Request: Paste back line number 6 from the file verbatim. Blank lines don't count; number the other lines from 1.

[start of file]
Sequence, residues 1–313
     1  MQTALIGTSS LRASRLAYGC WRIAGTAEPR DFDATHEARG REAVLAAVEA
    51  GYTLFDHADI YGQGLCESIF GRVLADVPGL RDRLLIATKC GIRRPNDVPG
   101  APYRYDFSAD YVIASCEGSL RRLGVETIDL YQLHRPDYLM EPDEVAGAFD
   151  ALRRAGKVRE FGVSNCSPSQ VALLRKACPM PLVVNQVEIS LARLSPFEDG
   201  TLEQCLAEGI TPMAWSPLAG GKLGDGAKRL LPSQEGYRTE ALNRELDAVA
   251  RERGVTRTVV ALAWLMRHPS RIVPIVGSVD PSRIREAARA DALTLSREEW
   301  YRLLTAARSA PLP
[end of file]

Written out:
   201  TLEQCLAEGI TPMAWSPLAG GKLGDGAKRL LPSQEGYRTE ALNRELDAVA